England / London / Museum / Travel

National Maritime Museum

So…

Today for Andrew’s class we took a field trip to Greenwich: we first visited the Painted Hall (read here), then the Queen’s House (read here). It was now time to visit the National Maritime Museum! The first item we noticed was actually beside the entrance to the museum – a small model of the Cutty Sark inside a glass bottle!

DSC_0197

Upon entering the museum we were told that pictures were prohibited in the J.M.W. Turner exhibition. However the rest of the museum was photography-free, so we were able to enjoy ourselves and take photos during the tour. We visited the Maritime World of Asia display, which talked about trade routes through Asia. There was a sign that discussed the origins of the word ‘monsoon’, which is apparently the Arabic word for ‘season’.

National Maritime Museum

National Maritime Museum

Atlantic Worlds

Atlantic Worlds

monsoon winds

monsoon winds

The Maritime World of Asia

The Maritime World of Asia

quote from Sir Walter Raleigh, circa 1615

quote from Sir Walter Raleigh, circa 1615

Inside the exhibit, there were several models of ships all along the route to the West Indies. In 1833 the East India Company controlled over 500,000 square miles of territory in India, and collected around £22.7 million in tax each year…in today’s money, that is about 1.8 billion pounds!

The East Indies

The East Indies

The East India Company

The East India Company

Power - the Company's greatest asset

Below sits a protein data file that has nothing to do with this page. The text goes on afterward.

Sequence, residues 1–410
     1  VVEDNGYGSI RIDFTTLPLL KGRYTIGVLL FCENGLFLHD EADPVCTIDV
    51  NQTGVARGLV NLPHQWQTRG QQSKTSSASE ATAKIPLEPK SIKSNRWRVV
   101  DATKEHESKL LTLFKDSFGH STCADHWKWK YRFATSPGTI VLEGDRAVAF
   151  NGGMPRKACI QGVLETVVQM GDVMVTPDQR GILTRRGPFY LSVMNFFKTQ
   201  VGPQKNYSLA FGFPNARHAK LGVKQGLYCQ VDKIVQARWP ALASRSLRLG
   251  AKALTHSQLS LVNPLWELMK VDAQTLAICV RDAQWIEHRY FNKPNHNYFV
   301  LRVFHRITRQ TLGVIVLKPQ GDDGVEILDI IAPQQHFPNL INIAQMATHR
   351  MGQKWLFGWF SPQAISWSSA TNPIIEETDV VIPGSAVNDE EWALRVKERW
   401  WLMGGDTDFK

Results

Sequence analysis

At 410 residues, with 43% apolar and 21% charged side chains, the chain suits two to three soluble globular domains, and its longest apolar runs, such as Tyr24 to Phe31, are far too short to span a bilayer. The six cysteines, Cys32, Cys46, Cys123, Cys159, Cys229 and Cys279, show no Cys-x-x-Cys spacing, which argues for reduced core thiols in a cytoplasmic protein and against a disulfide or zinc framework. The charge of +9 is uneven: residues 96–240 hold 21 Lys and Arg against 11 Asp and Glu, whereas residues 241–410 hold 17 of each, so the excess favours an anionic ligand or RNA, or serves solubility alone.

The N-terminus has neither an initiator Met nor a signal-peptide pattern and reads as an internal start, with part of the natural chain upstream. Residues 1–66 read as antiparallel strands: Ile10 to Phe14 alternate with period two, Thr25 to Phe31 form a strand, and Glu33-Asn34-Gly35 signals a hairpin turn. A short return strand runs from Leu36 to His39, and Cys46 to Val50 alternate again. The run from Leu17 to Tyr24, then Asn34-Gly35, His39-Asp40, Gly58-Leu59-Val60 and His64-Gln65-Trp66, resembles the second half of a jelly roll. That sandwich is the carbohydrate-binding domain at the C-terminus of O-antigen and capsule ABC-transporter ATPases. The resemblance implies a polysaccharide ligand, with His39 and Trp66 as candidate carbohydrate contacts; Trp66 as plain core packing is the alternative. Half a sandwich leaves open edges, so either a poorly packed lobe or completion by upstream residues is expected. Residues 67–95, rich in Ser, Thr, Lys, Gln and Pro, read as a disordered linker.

Power – the Company’s greatest asset

War and Sea Power

War and Sea Power

The exhibit also contained actual items from the 1500s to the 1800s, such as a book about the English nation’s voyages and discoveries, a painting of a naval battle in 1782, and an actual ship figurehead dating back to 1817.

"Battle of the Saints 12 April 1782: the end of the action" by Thomas Whitcombe (1782)

“Battle of the Saints 12 April 1782: the end of the action” by Thomas Whitcombe (1782)

Figurehead of the Royal Yacht, "Royal George" (1817)

Figurehead of the Royal Yacht, “Royal George” (1817)

"The Principal Navigations, Voyages, Traffiques, and Discoveries of the English Nation" by Richard Hakluyt (1589)

“The Principal Navigations, Voyages, Traffiques, and Discoveries of the English Nation” by Richard Hakluyt (1589)

book description

book description

Twitter | YouTube | Instagram | Bloglovin’ | Tumblr | Flickr

Related articles

Enhanced by Zemanta
Advertisements

7 thoughts on “National Maritime Museum

  1. Pingback: Foundling Museum | travelin' 20somethin'

  2. Pingback: British Museum | travelin' 20somethin'

  3. Pingback: Houses of Parliament | travelin' 20somethin'

  4. Pingback: Albertopolis | travelin' 20somethin'

  5. Pingback: National History Museum pt. 2 | travelin' 20somethin'

  6. Pingback: Victoria and Albert Museum | travelin' 20somethin'

  7. Pingback: East London | travelin' 20somethin'

Leave a Reply

Fill in your details below or click an icon to log in:

WordPress.com Logo

You are commenting using your WordPress.com account. Log Out / Change )

Twitter picture

You are commenting using your Twitter account. Log Out / Change )

Facebook photo

You are commenting using your Facebook account. Log Out / Change )

Google+ photo

You are commenting using your Google+ account. Log Out / Change )

Connecting to %s